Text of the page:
I spent the majority of this morning sending a multitude of texts, tweets & Facebook messages rounding up pledge money for bankingcommish; the last thing I’m going to allow to happen is for all of this horseshit blog work to be for fucking naught, that’s for sure! So, this is an open letter to all of you; if you pledged me money 6 months ago, it’s time to pay up, fuckers!

A large component of this blog is comprised of me shit-canning basically everything and everyone to the point that my soul could potentially be forever broken. I must admit, it is with some sadness that I’ll finish my last post tomorrow, however, there are a number of things that I won’t miss, namely; the lack of sleep (always used to finish my posts at 11.55pm), having to cut short social events to rush home and write, trying to belt out 400 words on my iPhone on a tram, being ‘outed’ by my footy club, suffering chronic writer’s block that only 2 bottles of corner-shop Shiraz can alleviate… the list goes on.

Realistically, the sadness will only really arise from the change of routine I’ll now be undertaking; in the same way that kidnapping victims often fall in love with their abductors, bankingcommish has grown on me like a barnacle to the hull of an ocean liner. Truth be told, I’m fucking stoked to see the back of this! It’s like a gigantic weight being lifted off of me. Hell, I might even write about something I actually like for this post to celebrate the end of days, as it were, for the blog.

Before

Before

I bought a real piece of shit motorbike (an old ex-Tasmanian Police BMW K100) from a guy (who was clearly down on his luck, might I add) in one of the poorer suburbs of Hobart 14 months ago. It was big, ugly, had a homemade spray-job and was in really bad nick. It wasn’t even registered at the time. He wanted $1800 for it, I offered $1100, he said no, but then called back 2 days later and agreed to sell it. He was clearly in need of some fast cash and I was happy to oblige.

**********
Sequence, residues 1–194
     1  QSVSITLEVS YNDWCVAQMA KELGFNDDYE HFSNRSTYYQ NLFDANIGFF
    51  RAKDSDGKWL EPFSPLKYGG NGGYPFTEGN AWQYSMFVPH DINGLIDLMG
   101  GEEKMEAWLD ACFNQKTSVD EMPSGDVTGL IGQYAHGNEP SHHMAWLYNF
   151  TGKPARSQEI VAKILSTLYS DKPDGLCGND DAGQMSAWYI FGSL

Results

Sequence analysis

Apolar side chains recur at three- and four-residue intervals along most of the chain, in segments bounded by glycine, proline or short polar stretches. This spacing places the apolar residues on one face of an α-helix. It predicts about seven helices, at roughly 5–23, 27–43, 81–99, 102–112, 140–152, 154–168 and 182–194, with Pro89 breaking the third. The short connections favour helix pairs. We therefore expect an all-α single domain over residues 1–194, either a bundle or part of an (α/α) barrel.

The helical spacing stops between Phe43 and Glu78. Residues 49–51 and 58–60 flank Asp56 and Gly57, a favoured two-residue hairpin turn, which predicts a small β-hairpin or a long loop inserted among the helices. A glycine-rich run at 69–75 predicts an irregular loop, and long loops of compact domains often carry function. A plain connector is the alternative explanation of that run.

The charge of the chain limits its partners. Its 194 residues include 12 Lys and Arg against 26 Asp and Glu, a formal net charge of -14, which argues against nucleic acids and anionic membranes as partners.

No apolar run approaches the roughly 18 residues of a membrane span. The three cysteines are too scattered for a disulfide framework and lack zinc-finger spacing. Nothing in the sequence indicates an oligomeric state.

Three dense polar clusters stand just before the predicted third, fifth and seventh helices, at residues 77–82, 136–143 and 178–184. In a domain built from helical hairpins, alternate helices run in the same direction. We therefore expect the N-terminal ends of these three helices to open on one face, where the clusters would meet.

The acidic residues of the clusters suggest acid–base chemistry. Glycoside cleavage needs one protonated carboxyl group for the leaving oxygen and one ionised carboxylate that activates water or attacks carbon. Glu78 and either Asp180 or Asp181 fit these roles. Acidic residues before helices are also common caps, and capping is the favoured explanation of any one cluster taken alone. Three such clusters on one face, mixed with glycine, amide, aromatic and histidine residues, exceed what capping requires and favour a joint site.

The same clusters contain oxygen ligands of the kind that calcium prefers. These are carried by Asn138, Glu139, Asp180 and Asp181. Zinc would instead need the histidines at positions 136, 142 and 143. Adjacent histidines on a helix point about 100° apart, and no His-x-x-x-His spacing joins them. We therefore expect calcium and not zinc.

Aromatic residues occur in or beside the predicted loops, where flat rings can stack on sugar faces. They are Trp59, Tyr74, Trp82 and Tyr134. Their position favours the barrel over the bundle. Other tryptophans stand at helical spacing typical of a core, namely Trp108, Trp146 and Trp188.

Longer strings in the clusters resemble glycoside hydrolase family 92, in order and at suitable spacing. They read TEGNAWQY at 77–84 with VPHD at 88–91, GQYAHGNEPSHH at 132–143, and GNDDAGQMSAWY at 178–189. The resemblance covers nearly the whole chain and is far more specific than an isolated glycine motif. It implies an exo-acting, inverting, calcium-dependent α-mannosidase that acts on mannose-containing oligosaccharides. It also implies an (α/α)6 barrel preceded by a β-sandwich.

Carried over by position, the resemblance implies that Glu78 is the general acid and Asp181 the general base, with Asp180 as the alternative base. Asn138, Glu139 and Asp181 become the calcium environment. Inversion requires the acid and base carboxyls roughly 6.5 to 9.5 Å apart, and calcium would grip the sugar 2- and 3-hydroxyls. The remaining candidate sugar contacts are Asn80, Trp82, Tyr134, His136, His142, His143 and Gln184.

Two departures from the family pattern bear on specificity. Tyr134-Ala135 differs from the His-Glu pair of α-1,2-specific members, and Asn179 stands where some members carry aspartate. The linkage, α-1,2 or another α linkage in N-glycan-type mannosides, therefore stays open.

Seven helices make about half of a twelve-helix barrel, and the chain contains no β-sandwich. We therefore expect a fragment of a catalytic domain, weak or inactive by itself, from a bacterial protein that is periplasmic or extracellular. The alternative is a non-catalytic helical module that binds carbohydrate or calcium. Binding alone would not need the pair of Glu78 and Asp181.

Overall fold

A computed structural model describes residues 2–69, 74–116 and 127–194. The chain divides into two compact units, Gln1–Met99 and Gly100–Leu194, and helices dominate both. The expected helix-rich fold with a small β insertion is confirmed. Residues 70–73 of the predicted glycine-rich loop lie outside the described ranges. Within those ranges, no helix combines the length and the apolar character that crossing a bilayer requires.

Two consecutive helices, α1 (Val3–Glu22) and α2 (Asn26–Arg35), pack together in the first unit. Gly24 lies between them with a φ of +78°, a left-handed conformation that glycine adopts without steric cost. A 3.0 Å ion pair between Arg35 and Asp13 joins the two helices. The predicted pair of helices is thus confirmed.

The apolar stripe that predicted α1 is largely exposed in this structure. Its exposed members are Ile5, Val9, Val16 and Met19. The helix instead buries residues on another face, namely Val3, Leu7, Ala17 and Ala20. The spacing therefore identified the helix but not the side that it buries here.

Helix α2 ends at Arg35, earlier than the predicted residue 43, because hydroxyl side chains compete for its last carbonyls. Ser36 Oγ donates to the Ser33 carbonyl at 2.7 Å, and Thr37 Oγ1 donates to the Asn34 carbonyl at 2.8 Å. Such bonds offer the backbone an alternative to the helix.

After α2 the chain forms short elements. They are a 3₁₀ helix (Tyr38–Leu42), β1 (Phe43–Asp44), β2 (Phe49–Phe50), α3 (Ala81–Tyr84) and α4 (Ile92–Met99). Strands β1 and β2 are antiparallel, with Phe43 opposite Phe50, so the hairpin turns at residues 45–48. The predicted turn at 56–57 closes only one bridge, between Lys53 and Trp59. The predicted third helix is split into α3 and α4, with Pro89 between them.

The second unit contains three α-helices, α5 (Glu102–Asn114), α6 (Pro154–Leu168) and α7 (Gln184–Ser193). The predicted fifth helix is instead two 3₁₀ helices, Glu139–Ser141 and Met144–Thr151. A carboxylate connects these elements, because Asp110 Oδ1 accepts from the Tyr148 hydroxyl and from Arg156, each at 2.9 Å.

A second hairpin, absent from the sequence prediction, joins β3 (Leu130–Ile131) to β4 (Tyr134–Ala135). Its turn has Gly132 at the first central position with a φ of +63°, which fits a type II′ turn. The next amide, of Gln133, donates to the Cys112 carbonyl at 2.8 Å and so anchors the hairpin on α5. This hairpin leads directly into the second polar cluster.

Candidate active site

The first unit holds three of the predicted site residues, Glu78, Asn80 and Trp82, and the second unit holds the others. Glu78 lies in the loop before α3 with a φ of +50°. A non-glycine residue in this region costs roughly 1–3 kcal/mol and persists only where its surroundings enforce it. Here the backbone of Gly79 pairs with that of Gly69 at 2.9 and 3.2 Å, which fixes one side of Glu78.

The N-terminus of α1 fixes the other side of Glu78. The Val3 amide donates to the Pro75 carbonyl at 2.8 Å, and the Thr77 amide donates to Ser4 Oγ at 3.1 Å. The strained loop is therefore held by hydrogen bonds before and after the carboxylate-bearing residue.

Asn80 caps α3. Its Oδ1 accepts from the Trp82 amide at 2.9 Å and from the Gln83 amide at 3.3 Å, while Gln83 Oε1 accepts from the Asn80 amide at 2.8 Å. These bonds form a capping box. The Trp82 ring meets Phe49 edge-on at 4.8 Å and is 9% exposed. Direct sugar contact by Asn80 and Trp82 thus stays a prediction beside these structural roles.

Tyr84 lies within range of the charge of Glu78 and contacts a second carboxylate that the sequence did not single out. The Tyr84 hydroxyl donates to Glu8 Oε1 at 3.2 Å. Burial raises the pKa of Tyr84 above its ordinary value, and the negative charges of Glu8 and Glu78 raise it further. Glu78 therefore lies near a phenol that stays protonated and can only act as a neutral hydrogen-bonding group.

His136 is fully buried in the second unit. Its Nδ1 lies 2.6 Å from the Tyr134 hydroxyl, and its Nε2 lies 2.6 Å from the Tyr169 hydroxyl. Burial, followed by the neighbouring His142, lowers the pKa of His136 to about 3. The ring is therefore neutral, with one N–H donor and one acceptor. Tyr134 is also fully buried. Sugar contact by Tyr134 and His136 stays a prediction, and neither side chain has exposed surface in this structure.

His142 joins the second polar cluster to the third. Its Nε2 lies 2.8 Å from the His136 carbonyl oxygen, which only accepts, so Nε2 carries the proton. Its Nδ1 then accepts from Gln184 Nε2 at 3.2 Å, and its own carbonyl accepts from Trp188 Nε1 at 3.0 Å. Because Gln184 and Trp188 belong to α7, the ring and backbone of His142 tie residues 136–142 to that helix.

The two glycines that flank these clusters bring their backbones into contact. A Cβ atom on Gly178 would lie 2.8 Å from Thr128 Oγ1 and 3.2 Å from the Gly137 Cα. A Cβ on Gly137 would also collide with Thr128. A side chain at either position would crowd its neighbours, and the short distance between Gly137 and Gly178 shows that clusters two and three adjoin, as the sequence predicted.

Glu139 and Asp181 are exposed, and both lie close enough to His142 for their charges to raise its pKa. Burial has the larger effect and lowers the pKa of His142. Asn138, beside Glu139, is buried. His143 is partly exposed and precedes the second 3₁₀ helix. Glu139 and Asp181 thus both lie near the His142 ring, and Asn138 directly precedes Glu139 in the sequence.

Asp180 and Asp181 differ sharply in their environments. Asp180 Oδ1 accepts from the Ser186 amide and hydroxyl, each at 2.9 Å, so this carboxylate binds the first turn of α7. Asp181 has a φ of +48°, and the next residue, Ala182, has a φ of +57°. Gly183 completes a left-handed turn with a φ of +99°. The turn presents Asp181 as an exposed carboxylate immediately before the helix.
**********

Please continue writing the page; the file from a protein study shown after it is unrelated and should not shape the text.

After.

After.

So, I had this bike, and it needed some work. I had an idea of what I wanted to do with it, but no real idea of how I was going to do it (or the requisite skills to be able to execute my initial plan). Then, I took a job in Melbourne and the bike stayed out the back of my mate’s house for several months while I figured out what the hell I was going to do with it. Eventually I towed it to my parent’s house in Devonport, where it stayed for several more months while I flew in every now and again to do a bit here and a bit there.

I replaced the fuel tank, replaced the fuel pump, ran new coolant hoses, installed a new coolant reservoir, removed the fairing, attached a new headlight, had the remaining fairing re-sprayed, re-attached the radiator, fixed the intermittent idle, the list goes on. Real, grown-man stuff, the type of experience that’s hard to come by sitting in an office 9 – 5 every week. All in all, it was a moderately expensive and incredibly time consuming (14 month) process (predominantly due to the tyranny of distance), but I now have a bike that I’m genuinely happy to ride.

I took the completed bike for my first ‘proper’ (longer than 15 minute) ride today with one of my mates, through some winding back-roads in regional North-West Tasmania. I’ve got to say, I beamed with pride as I hurtled past ambivalent cows on the twisting roads outside Sheffield, knowing that I’d put a shitload of effort into making something old and haggard perform as was intended back in June 1986 when it came off the assembly line in Munich.

Now, here’s hoping the wheels don’t fall off. That would be a bit of an ‘egg on the face’ moment.

/end communication

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